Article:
Kit Kat is this chocolate bar invented in 1935 and bought by Nestlé. It’s a bestseller everywhere in the world. In most countries, you’ll find the original milk chocolate flavour, sometimes dark or white chocolate when there’s a special limited edition, but that’s about it. And then there’s the fourth dimension of Kit Kat, yes, there is Japan. Cucumber, watermelon and salt, English mustard or bubble gum flavours, the Japanese can do anything.
The mythical chocolate bar is undoubtedly Japan’s favourite, far behind all other brands. The recipe is simple: Nestlé has chosen to position Kit Kat as a local product, adding regional flavours coming from the different prefectures of the archipelago, such as wasabi in Shizuoka or potato in Hokkaido. Every flavour is sold in one particular place, its region, for a brief time. With this daring marketing strategy, Kit Kat has managed to rule the confectionery market in Japan. It works on three fundamentals you need to know about Japanese people.
Regionalism, forced presents and compulsive collection
First of all, the Japanese love to travel in their own country. And when they travel, they have to bring back some presents. The tradition of gift-giving is still very much alive. It will have to be a beautifully wrapped souvenir, usually food, and it has to be a local product. For instance, if your colleague Mariko has been to Hamamatsu for the Golden Week, she literally has no choice but bringing you back a gorgeous box of eel pies, the regional delicacy. If she doesn’t, you’ll be entitled to wonder if Mariko is not a terrorist. Or a bitch. Or simply if Mariko is really Japanese.
The other great tendency of the Japanese is compulsive collection. The have money to spend, they love everything that’s new and they want to have it all. So Nestlé has adopted a very clever strategy: making new Kit Kat flavours, as much as possible, playing with the ideas of time and space. Every special flavour will be available during a short amount of time in one particular place. It’s the “limited edition effect”, the best way to pressure Japanese consumers who are already, by definition, about to buy.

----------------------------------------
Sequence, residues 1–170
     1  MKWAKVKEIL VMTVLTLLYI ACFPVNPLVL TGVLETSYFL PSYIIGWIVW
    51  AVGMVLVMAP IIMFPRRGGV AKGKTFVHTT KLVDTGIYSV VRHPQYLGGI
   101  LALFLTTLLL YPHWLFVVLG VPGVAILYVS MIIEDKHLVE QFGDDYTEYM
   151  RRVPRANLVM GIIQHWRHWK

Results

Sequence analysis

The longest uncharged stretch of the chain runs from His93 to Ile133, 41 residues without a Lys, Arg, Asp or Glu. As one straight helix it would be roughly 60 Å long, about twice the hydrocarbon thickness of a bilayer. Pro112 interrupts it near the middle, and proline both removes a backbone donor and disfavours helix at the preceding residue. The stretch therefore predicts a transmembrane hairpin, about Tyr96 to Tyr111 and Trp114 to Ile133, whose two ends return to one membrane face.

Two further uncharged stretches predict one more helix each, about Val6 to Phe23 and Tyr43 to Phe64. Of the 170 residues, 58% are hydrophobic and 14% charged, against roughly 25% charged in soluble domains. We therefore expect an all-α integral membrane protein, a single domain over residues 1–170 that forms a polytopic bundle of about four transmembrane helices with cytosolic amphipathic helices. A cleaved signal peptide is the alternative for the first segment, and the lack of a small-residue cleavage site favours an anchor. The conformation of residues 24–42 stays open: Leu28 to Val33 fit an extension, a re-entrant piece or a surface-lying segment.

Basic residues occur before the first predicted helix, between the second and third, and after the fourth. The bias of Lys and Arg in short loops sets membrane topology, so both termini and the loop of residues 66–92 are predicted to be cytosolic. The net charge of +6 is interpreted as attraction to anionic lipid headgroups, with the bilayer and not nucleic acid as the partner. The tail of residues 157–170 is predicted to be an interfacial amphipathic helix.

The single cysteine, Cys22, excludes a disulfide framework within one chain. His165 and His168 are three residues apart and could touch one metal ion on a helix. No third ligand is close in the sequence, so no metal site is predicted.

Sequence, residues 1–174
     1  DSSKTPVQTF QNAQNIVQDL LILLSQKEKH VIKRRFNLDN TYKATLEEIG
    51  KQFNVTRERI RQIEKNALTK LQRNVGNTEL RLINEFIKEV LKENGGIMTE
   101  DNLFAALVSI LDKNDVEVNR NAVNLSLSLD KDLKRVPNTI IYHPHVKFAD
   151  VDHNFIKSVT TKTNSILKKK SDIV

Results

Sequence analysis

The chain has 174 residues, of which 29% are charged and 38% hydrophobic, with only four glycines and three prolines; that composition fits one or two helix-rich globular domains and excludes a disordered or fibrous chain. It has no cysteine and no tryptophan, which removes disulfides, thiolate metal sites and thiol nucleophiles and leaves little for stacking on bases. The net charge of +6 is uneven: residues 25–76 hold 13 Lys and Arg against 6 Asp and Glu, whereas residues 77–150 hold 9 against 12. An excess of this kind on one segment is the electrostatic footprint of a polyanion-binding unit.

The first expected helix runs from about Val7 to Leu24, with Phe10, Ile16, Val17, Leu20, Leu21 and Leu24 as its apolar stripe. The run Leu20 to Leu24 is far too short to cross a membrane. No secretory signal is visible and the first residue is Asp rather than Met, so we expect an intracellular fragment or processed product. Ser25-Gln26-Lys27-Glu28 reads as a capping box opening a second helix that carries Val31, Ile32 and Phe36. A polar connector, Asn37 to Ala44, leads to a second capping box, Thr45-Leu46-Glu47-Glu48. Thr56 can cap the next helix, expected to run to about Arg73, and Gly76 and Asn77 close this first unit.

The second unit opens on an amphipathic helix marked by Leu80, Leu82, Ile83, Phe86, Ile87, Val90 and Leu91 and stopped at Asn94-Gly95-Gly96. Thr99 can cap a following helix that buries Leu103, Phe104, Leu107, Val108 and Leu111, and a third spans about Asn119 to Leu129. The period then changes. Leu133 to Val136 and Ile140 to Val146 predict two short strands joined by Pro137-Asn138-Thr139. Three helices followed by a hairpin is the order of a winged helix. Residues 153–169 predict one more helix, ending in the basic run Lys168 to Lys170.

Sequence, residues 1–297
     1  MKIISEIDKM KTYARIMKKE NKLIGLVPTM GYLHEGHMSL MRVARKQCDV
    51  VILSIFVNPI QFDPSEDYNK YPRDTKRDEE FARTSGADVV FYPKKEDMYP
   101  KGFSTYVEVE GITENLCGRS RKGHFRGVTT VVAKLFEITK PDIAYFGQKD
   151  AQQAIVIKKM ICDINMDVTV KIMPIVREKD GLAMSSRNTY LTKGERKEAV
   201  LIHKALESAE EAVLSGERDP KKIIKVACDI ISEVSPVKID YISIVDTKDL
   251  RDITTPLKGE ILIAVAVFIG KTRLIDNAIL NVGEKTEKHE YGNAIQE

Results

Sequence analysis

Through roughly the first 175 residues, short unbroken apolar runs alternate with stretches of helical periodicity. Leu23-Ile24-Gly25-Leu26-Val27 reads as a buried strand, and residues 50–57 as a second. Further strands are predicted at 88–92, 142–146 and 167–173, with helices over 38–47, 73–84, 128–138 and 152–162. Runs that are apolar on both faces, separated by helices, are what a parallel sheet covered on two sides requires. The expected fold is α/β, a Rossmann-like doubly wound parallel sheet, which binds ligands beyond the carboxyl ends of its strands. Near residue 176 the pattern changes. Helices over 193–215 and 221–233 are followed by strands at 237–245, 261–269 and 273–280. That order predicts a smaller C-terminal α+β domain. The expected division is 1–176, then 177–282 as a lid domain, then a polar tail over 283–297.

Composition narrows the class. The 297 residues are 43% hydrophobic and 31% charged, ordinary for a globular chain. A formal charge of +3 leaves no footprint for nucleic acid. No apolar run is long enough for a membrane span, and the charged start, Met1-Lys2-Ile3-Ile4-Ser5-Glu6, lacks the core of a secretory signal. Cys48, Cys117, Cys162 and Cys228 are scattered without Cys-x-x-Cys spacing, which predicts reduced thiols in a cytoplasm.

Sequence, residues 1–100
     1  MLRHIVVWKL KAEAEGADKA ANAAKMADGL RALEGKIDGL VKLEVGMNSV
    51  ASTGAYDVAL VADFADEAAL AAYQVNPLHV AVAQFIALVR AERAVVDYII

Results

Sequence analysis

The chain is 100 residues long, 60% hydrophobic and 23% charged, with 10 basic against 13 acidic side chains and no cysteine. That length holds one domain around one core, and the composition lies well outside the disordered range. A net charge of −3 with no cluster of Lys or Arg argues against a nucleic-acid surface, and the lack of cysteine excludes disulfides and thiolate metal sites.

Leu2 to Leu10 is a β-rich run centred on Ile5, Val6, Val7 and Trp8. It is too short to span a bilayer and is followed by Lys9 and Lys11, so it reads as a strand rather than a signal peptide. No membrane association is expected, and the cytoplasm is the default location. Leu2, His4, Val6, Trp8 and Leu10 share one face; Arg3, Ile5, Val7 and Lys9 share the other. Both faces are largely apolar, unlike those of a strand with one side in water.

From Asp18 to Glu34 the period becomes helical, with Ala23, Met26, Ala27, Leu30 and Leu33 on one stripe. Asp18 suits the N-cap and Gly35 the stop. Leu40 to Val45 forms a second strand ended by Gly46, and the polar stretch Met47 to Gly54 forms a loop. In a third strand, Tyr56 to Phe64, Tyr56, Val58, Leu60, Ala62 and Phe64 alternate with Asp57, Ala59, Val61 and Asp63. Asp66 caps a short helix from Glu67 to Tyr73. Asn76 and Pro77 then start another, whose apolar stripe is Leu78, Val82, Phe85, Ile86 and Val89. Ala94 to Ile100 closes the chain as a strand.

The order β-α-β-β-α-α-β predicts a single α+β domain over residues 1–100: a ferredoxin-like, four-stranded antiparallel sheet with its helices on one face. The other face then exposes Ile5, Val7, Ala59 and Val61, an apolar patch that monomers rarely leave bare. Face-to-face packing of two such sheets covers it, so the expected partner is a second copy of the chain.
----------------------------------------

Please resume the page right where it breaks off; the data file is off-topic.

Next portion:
But that’s not all. Japanese people having very peculiar tastes, they have flavours that don’t exist anywhere else all year long. They are sold on a national scale, like green tea or strawberry Kit Kats. The best way to distinguish the national Kit Kat from the regional Kit Kat is actually the place where you buy it.
Miso, sparkling strawberry, apple vinegar
First, there are the everyday shopping places, like supermarkets or convenience stores, called kombini here. There you’ll find the classics, such as Kit Kat original – the milk chocolate one – or the other national variants like green tea, dark chocolate or strawberry. Then you have souvenir shops, located around airports, train stations and highway stations, where you’ll be able to get crazy regional limited editions.
There has been dozens of flavours, some of them are audacious, even interesting; some others are completely absurd, to the point that you could call it genius. Some of the most memorable include miso, soy sauce, sparkling strawberry, chestnut, wine, edamame, corn or apple vinegar, and the list could go on for a while. There are some very good sites dedicated to the Japanese flavours of Kit Kat, such as Oyatsu Break or Jen Ken’s Kit Kat Blog.
In general, special Kit Kats are in fact made with white chocolate; food colouring and flavours are then added. That’s the case for the strawberry or the matcha versions. But sometimes things go further and you’ll find some made with milk chocolate and flavoured white chocolate, like the ones I had bought a few years ago in Hokkaido: they had a sort of zebra pattern, half milk chocolate – half orange chocolate with a melon flavour.
All of this being said, what are the current special editions of the Japanese Kit Kat? Just follow me, we’ll have a tour of Japan in pictures. We’ll start gently with the national flavours. Then it will get wilder.
This time I’m not on a complete tour of Japan so I haven’t been able to take pictures of them all. Other versions are available, like purple yam in the islands of the south, apple or chili pepper in the Shinshu region, sunda (mashed green soy beans) in the north-east, pear in Niigata, hojicha (grilled tea) in Kyoto etc. If you don’t like these flavours, just wait five minutes, the next one is never very far…